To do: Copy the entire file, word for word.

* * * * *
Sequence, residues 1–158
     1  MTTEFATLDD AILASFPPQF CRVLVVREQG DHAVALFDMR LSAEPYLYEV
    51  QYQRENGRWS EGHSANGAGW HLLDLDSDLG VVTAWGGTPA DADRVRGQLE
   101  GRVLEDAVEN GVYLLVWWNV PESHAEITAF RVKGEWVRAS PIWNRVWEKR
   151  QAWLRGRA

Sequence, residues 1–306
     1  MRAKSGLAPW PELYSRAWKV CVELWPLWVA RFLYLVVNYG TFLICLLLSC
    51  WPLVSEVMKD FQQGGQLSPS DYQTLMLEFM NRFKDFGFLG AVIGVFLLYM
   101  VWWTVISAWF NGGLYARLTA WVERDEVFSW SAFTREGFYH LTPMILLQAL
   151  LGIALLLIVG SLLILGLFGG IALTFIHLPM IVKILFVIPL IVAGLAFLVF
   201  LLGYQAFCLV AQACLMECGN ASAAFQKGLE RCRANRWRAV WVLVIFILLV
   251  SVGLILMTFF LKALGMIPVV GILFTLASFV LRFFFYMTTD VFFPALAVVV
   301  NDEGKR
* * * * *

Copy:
Sequence, residues 1–158
     1  MTTEFATLDD AILASFPPQF CRVLVVREQG DHAVALFDMR LSAEPYLYEV
    51  QYQRENGRWS EGHSANGAGW HLLDLDSDLG VVTAWGGTPA DADRVRGQLE
   101  GRVLEDAVEN GVYLLVWWNV PESHAEITAF RVKGEWVRAS PIWNRVWEKR
   151  QAWLRGRA

Sequence, residues 1–306
     1  MRAKSGLAPW PELYSRAWKV CVELWPLWVA RFLYLVVNYG TFLICLLLSC
    51  WPLVSEVMKD FQQGGQLSPS DYQTLMLEFM NRFKDFGFLG AVIGVFLLYM
   101  VWWTVISAWF NGGLYARLTA WVERDEVFSW SAFTREGFYH LTPMILLQAL
   151  LGIALLLIVG SLLILGLFGG IALTFIHLPM IVKILFVIPL IVAGLAFLVF
   201  LLGYQAFCLV AQACLMECGN ASAAFQKGLE RCRANRWRAV WVLVIFILLV
   251  SVGLILMTFF LKALGMIPVV GILFTLASFV LRFFFYMTTD VFFPALAVVV
   301  NDEGKR